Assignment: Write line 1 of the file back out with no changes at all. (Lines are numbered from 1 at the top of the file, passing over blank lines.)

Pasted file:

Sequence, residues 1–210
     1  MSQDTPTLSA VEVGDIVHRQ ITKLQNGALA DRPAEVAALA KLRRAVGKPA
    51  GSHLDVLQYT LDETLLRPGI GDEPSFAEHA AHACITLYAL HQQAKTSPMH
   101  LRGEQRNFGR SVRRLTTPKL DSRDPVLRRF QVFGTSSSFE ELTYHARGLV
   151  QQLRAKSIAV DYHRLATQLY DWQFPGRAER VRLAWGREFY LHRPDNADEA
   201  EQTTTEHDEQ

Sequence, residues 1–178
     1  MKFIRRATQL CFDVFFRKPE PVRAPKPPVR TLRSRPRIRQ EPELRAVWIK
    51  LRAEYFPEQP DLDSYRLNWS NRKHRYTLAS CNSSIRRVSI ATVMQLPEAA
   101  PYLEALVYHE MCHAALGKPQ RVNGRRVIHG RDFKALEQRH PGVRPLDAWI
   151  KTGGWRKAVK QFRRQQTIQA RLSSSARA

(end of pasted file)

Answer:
Sequence, residues 1–210